Hurricane Maria weakens some, but maintains major hurricane strength well east of Florida Saturday. The destructive storm with a large eye exits Turks and Caicos and will spend the next few days over warm Atlantic waters. Wind shear is on the rise, so Maria will weaken some in the coming days. Waves build up to 30 feet near Maria, but swells and rough surf already reach the east coast of Florida up through the Carolinas. The risk for rip currents remains high through at least mid work week.
Here is the 11 AM forecast track from the NHC. Maria is a category 3 hurricane with 115 mph winds. It will head north-northwest through Monday and run into some hostile upper level winds. Maria may encounter some slight cooler waters mid work week off of the Mid Atlantic. However, a further west course closer to the Outer Banks puts Maria over the warm Gulf Stream. The Outer Banks of North Carolina are in the cone of uncertainty Wednesday and Thursday. This in line with a westward shift in some computer models early Saturday. Most models still keep Maria offshore. Interest in the Mid Atlantic region should also keep a watchful eye. Additional upper air soundings start Saturday afternoon and NOAA G-IV mission will assess the environment Sunday. This will help models gain better consensus on any possible U.S. impacts.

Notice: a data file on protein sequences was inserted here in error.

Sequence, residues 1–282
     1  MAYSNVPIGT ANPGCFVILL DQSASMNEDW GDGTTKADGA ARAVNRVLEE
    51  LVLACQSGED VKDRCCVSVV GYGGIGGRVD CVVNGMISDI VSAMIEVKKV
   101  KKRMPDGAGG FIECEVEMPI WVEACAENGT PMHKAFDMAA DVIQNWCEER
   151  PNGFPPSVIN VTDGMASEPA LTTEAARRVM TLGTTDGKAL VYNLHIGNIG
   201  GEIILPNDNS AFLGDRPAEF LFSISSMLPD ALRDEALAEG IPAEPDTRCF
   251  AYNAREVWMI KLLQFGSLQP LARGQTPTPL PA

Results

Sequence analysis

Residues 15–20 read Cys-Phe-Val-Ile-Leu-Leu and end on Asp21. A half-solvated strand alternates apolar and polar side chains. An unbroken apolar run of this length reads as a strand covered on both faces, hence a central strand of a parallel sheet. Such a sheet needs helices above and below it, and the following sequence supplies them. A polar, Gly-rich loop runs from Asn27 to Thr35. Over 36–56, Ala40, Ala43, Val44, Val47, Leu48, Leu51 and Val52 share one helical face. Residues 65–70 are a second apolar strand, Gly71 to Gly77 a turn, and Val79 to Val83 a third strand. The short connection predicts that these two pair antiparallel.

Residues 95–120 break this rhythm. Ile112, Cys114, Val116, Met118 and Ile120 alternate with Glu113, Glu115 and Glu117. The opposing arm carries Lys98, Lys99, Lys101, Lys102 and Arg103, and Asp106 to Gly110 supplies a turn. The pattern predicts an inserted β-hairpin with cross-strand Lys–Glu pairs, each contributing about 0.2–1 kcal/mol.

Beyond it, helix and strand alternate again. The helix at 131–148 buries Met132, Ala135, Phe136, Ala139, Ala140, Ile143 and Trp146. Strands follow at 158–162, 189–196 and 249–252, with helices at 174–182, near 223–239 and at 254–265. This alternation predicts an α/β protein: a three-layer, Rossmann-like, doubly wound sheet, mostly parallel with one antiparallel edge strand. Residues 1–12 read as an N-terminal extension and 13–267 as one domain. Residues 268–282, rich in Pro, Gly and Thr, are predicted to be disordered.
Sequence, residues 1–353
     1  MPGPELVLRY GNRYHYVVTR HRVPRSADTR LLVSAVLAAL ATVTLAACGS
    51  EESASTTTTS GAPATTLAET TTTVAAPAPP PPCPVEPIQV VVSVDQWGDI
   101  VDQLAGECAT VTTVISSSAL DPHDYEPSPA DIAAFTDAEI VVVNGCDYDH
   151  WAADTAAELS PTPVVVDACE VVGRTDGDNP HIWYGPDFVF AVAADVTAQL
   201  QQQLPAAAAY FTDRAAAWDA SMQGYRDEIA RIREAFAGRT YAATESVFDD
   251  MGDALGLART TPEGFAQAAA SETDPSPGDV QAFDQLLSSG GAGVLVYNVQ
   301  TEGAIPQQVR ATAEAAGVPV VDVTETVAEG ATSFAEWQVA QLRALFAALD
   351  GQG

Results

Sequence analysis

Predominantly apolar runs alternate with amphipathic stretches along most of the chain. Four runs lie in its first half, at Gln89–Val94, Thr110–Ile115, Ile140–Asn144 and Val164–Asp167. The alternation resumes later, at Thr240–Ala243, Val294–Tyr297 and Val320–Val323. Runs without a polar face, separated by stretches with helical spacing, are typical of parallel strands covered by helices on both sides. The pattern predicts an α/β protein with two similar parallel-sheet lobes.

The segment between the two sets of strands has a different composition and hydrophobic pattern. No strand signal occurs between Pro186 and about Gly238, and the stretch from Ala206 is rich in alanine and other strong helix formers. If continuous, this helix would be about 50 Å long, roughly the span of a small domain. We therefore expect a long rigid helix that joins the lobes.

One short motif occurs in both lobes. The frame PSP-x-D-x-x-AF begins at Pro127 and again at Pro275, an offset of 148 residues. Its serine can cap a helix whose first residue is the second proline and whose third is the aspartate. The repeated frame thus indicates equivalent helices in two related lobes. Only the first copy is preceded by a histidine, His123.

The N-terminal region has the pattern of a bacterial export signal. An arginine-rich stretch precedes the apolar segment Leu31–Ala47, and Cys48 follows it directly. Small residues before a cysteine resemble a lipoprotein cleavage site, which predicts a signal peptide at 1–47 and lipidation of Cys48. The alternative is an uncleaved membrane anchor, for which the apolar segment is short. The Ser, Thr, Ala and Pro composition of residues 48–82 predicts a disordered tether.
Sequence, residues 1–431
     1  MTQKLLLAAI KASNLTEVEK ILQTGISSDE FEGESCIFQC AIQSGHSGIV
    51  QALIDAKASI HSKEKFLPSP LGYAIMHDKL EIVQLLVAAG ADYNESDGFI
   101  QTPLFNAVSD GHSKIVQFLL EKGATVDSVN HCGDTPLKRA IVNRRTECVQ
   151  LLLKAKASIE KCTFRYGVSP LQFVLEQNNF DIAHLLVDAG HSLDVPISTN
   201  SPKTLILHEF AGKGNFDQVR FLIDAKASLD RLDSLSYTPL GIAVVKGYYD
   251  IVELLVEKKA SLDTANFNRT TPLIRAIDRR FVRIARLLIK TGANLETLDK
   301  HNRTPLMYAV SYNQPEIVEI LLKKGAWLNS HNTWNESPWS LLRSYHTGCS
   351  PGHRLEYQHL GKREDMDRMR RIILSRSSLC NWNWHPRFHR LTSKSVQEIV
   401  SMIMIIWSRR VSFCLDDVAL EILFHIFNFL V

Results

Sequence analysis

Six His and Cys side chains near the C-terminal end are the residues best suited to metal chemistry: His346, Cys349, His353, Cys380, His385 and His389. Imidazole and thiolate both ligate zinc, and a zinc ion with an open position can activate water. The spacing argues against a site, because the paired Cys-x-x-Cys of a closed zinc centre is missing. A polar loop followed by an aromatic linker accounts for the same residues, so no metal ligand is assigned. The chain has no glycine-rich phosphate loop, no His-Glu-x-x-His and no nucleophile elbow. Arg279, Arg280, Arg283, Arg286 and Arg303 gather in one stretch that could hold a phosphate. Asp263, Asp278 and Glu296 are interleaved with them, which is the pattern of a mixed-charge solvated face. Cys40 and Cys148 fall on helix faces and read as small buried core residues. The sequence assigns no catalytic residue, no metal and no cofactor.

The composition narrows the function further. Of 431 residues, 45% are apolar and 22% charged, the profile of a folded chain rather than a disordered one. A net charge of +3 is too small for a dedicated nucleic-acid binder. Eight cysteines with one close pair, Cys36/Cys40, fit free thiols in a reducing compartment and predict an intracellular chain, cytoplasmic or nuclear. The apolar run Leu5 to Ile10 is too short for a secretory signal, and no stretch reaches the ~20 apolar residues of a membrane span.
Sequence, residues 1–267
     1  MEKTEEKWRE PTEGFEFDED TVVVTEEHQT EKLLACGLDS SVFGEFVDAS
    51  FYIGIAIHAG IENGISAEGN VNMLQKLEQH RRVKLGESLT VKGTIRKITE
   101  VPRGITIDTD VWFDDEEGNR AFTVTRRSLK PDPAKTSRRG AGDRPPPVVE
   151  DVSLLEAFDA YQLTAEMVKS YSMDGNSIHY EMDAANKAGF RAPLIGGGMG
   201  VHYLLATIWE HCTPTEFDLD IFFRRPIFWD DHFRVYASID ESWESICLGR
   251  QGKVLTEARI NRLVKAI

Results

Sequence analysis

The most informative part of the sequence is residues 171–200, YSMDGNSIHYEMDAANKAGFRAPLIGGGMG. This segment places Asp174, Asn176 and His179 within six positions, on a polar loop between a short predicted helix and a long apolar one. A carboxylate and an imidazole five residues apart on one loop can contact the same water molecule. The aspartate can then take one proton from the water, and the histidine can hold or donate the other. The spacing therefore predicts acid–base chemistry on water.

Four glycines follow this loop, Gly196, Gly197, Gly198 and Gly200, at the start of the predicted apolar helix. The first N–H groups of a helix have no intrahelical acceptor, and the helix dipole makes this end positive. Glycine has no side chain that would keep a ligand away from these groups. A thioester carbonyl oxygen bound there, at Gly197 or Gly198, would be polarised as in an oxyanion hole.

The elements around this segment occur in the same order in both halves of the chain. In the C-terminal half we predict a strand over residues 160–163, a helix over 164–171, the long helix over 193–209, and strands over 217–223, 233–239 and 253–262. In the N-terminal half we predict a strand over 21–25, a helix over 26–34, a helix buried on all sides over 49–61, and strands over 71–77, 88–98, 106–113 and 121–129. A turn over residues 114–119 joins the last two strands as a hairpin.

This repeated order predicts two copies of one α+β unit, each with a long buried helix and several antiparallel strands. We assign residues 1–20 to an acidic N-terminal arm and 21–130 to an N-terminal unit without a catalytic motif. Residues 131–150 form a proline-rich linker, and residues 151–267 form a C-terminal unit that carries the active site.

Tropical Storm Lee found new life late this work week. It is a tiny weak tropical storm Saturday morning. Lee may regain hurricane strength over the open central Atlantic this work week. It is no threat to land. Meanwhile the remnants of Jose churn off of New England. It is still breezy in coastal Massachusetts with rough surf from the Mid Atlantic up through the Northeast. Boating remains unfavorable through the work week as Maria lifts north over the western Atlantic.
Fortunately, we enter a quiet 5-7 day stretch in the Atlantic Basin. Fronts are more active as we approach October. While this enhances upper level winds in the tropics, water temperatures are still quite water in the Gulf of Mexico and western Caribbean. Sea surface temperatures in the western Caribbean, parts of the Gulf of Mexico and even the western Atlantic are running .5-2° C above average. Fronts/troughs can guide tropical systems towards Florida/the U.S. These are areas we will watch for tropical cyclone formation in the weeks ahead.